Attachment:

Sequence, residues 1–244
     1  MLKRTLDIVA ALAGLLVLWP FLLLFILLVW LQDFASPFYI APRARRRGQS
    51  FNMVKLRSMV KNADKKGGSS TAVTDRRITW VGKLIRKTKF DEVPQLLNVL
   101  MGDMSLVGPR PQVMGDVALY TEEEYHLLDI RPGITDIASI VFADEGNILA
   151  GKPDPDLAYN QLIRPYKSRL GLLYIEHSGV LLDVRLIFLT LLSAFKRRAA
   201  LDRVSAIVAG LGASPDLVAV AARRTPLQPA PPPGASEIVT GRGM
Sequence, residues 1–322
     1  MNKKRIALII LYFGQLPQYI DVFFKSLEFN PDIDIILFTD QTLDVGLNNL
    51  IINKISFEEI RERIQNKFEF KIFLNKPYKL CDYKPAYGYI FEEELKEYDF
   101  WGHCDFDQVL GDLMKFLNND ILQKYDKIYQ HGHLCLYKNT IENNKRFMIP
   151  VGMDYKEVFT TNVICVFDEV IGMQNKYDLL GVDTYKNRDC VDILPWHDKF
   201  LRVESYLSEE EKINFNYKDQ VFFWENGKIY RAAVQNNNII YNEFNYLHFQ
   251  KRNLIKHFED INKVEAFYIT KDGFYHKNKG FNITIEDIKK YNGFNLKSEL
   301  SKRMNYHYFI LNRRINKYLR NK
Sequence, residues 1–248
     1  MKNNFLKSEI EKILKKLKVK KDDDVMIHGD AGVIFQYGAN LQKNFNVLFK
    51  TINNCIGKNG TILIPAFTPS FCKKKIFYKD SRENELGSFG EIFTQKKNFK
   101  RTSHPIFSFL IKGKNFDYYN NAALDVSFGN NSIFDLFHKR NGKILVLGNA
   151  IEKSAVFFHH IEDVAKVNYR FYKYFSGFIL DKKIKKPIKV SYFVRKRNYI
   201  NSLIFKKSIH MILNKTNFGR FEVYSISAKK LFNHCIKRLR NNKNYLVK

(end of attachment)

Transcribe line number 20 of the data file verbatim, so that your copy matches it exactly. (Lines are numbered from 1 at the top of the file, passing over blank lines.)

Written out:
   201  NSLIFKKSIH MILNKTNFGR FEVYSISAKK LFNHCIKRLR NNKNYLVK